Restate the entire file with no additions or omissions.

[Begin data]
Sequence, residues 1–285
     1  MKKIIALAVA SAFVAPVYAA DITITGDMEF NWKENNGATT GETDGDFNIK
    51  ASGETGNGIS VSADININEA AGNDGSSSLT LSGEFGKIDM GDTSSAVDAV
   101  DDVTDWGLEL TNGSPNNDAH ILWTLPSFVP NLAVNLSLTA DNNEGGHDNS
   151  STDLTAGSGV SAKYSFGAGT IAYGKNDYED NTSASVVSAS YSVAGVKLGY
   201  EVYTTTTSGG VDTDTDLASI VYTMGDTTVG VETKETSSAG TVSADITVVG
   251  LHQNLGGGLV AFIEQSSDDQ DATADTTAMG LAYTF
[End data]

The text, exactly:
Sequence, residues 1–285
     1  MKKIIALAVA SAFVAPVYAA DITITGDMEF NWKENNGATT GETDGDFNIK
    51  ASGETGNGIS VSADININEA AGNDGSSSLT LSGEFGKIDM GDTSSAVDAV
   101  DDVTDWGLEL TNGSPNNDAH ILWTLPSFVP NLAVNLSLTA DNNEGGHDNS
   151  STDLTAGSGV SAKYSFGAGT IAYGKNDYED NTSASVVSAS YSVAGVKLGY
   201  EVYTTTTSGG VDTDTDLASI VYTMGDTTVG VETKETSSAG TVSADITVVG
   251  LHQNLGGGLV AFIEQSSDDQ DATADTTAMG LAYTF